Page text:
Brighten up your Irish a little more!

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MISE arís—Me again! Tá súil agam go raibh Seachtain na Gaeilge nó Lá Fhéile Pádraig den scoith agaibh uilig, cibé ceann a cheiliúrann tú. I hope you all had a brilliant Irish Language week or St Patrick’s Day, whichever takes your fancy. Bhuel, cad é mar atá an aimsir? So, how’s the weather?

Last time we had a go at talking about the weather and thankfully, the weather looks to be brightening up a bit since I last wrote, which gives us even more to talk about! I want to build on those foundations before launching into a new topic. All pronunciation shared is in the Ulster dialect.

Ceacht 2

fine go breá go brah
nice go deas go jass
good go maith go my-h
night an oíche an ee-ha
morning an mhaidin an mad-jean
bad go dona go dawn-a
beautiful go hálainn go hal-een
wonderful go hiontach go hain-tock
The day isn’t good Níl an lá go maith nail an lah go my-h
The weather isn’t good Tá an aimsir go dona tah an aym-shir go brah
The night is fine Tá an oíche go breá tah an ee-ha go brah
The morning isn’t good Níl an oíche go deas nail an ee-ha go jass
now anois an-ish
today inniu in-you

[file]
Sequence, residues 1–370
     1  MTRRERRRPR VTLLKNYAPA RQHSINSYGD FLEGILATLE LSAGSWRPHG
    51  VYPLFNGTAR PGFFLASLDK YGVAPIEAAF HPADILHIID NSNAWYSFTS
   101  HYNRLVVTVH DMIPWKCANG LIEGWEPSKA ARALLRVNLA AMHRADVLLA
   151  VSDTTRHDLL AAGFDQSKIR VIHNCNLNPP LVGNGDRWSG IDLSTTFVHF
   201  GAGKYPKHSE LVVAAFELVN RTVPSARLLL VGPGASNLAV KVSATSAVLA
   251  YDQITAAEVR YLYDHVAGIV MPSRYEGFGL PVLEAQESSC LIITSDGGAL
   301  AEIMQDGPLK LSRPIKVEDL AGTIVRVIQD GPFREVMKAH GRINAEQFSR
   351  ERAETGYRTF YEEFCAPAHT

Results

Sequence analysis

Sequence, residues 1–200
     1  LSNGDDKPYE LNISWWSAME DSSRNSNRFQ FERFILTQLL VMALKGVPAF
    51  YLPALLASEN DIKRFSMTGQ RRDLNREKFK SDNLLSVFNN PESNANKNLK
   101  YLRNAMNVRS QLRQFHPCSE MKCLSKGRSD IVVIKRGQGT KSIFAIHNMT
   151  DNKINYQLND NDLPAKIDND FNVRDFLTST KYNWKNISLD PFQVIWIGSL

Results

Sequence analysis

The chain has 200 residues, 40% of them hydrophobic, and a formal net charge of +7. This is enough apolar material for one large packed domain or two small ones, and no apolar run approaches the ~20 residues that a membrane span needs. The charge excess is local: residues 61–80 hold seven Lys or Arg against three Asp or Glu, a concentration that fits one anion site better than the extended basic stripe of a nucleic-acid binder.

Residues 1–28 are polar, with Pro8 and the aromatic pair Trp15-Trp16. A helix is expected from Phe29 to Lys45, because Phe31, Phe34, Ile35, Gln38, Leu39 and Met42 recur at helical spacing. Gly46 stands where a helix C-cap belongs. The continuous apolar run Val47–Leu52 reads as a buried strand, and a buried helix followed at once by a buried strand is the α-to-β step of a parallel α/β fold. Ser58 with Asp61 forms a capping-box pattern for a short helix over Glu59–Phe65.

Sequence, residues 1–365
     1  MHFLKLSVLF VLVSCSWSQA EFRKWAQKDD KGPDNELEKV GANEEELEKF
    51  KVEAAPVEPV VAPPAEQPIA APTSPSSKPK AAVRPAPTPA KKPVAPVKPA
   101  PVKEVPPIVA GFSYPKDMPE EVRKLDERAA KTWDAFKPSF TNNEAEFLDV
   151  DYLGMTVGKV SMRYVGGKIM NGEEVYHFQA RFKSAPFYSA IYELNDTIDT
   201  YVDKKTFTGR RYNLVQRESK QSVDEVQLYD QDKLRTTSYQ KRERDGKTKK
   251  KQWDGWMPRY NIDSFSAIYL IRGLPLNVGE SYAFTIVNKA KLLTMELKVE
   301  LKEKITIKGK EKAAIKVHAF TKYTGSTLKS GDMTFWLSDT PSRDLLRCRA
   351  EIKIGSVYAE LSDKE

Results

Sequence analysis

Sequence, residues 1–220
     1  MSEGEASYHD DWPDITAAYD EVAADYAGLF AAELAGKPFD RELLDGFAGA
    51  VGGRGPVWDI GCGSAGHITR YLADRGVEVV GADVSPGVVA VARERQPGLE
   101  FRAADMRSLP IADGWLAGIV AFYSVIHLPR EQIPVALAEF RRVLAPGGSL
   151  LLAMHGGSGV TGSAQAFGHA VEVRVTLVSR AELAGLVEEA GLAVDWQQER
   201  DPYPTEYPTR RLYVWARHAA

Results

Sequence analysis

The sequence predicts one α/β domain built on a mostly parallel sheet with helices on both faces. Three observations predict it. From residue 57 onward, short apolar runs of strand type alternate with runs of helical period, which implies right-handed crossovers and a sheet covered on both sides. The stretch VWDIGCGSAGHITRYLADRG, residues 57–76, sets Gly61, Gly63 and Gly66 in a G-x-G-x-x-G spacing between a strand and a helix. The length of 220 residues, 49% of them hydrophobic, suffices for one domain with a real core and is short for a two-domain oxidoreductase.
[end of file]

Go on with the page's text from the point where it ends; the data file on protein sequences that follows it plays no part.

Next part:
It’s beautiful now Tá se go hálainn anois tah shay go hal-een an-ish

Now, instead of answering “Cad é mar atá an aimsir inniu?” simply with “Tá sé geal’/’dorcha’/’tirim,” you can elaborate with “Tá an lá geal, tá sé go hiontach.” I have kept all answers in present tense so as not to over-complicate, but for anyone with a bit more experience, you could try: ‘Bhí.’

Mar shampla (For example)

The morning was wet, but it is lovely now.
Bhí an mhaidin fliuch, ach tá sé go hálainn anois.
(Vee an mad-jean fil-yuck, awk tah shay go hal-een an-ish)

Try making your own two-part sentence using this format:

Bhí + time of day + state of weather (1), ach tá sé + state of weather (2) + anois.

Time of day State of weather 1 State of weather 2
an oíche (an ee-ha) go breá (go brah) go h-olc (go hulk)
an mhaidin (an mad-jean) go dona (go dawn-a) go maith (go my-h)
an lá (an lah) fliuch (fil-yuck) an-tirim (ann-chir-rim)
an tráthnóna (an trah-no-nah) tirim (chir-rim) an-fhliuch (ann-l-yuck)

Next time we’ll be describing people. It turns out that lots of learning a language is just describing things. (GOA—Gáire os ard/LOL—Laugh out loud)

Lean oraibh!

Clíodhna Campbell is a teacher, language enthusiast and mother. If you would like to get in touch with her with any linguistic queries, e-mail: cliodhnamorgan@live.co.uk

PIC: AARON BURDEN VIA UNSPLASH

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